The disproportionate results obtained using tools made in accordance with the present invention, in comparison to those made using these low melting point alloys as taught in the prior art, is very surprising and unexpected to those of ordinary skill in the art. However, based upon this discovery, it is believed that silver/copper based alloys or those having similar properties relative to ductility and elastic modulus can be very useful in braze bonding in accordance with the present invention by additions of one or more compatible metals which increase the yield strength of the particular alloy by as little as about 10 to 15 percent over the yield strength of the silver/copper eutectic compositions as long as the ductility remains high enough and the elastic modulus remains low enough to reduce the stresses applied to the superabrasive crystals during the brazing process.
Such alloy compositions can be fashioned by those of ordinary skill in the art following the teachings of the present invention such that the more preferred, relatively low melting point is maintained to reduce the brazing temperatures required and still provide the desired increased yield strength and the levels of high ductility and low elastic modulus as disclosed herein. The performance improvement of tools made in accordance with the present invention compared to commercially available tools made using the higher strength nickel/cobalt type braze alloys appears to indicate that merely increasing the yield strength without retaining the high ductility and low elastic modulus will not produce the superior results obtained in accordance with the present invention.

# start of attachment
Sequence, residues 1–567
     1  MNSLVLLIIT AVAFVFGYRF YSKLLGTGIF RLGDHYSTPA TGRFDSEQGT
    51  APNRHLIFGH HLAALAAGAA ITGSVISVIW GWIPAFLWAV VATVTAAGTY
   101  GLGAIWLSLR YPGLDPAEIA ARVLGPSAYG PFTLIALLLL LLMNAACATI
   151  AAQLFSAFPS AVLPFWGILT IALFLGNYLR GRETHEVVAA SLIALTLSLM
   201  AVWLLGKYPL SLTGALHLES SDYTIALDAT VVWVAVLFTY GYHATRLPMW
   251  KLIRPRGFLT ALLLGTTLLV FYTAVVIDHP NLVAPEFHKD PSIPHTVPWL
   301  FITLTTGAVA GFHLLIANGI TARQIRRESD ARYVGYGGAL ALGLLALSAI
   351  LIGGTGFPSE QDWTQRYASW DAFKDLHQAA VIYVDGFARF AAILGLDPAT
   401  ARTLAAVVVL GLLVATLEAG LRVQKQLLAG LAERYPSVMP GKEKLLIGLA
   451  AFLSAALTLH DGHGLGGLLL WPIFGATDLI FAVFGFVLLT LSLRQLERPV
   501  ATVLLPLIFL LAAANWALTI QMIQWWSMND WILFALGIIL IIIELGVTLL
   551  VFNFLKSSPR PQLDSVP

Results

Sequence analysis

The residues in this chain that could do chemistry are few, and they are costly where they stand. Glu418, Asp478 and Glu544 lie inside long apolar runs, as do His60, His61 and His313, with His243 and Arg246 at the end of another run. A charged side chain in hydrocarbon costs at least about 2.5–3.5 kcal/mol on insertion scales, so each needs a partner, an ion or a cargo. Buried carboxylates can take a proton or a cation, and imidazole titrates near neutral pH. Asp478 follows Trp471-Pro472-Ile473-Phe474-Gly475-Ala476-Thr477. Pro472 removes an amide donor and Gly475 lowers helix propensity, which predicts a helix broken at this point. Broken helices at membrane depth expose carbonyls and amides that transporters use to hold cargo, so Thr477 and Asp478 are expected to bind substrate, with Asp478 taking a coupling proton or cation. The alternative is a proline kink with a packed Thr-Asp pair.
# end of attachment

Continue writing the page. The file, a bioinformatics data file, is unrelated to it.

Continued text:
There is very little yield strength information published relating to many alloy systems. One reason is the emphasis placed by those of ordinary skill in this art on joint strength which is dominated by the bond strength formed at the interfaces of the materials joined rather that the yield strength of the filler metal alloy. Information published by Wesco, Inc., for a limited number of alloys clearly shows the addition of certain elements such as 10 to 15 percent of indium materially increases the yield strength of the near eutectic composition of 63 percent Ag-35.2 percent Cu with a titanium content of 1.75 percent. Once this discovery of the necessary incremental increase in yield strength was made herein, it would appear other elemental additions to the eutectic or near eutectic compositions of silver and copper would likely have beneficial strengthening effects. Tin would be expected to be a substitute for indium based on similarities of alloying with both silver and copper. Wesco, Inc. reports in a published data sheet for a 68% Ag-5% Pd-27% Cu alloy (tradename Palcusil 5) a yield strength of 48,300 psi. This represents an increased yield strength over the near eutectic silver/copper alloy which is directly attributable to the addition of 5 percent of Pd. Phosphorus is also a well known strengthening addition for copper alloys through the formation of intermetallic phases which strengthen through a dispersion mechanism. Thus, there are many potential additions which can be made to strengthen the Cu-Ag base to an effective level as taught by the present invention, however, the unavailability of many of such potential useful alloy compositions, except by special order, make testing economically impractical at this time.